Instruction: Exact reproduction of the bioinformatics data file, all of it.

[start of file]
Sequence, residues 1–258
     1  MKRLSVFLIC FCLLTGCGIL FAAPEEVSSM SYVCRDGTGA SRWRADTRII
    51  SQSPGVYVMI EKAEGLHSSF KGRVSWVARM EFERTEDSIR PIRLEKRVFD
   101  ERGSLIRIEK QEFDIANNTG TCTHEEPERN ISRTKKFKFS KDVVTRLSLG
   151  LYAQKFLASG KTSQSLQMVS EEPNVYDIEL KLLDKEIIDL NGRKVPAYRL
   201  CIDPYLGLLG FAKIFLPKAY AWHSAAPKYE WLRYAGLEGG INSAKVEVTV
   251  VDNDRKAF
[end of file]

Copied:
Sequence, residues 1–258
     1  MKRLSVFLIC FCLLTGCGIL FAAPEEVSSM SYVCRDGTGA SRWRADTRII
    51  SQSPGVYVMI EKAEGLHSSF KGRVSWVARM EFERTEDSIR PIRLEKRVFD
   101  ERGSLIRIEK QEFDIANNTG TCTHEEPERN ISRTKKFKFS KDVVTRLSLG
   151  LYAQKFLASG KTSQSLQMVS EEPNVYDIEL KLLDKEIIDL NGRKVPAYRL
   201  CIDPYLGLLG FAKIFLPKAY AWHSAAPKYE WLRYAGLEGG INSAKVEVTV
   251  VDNDRKAF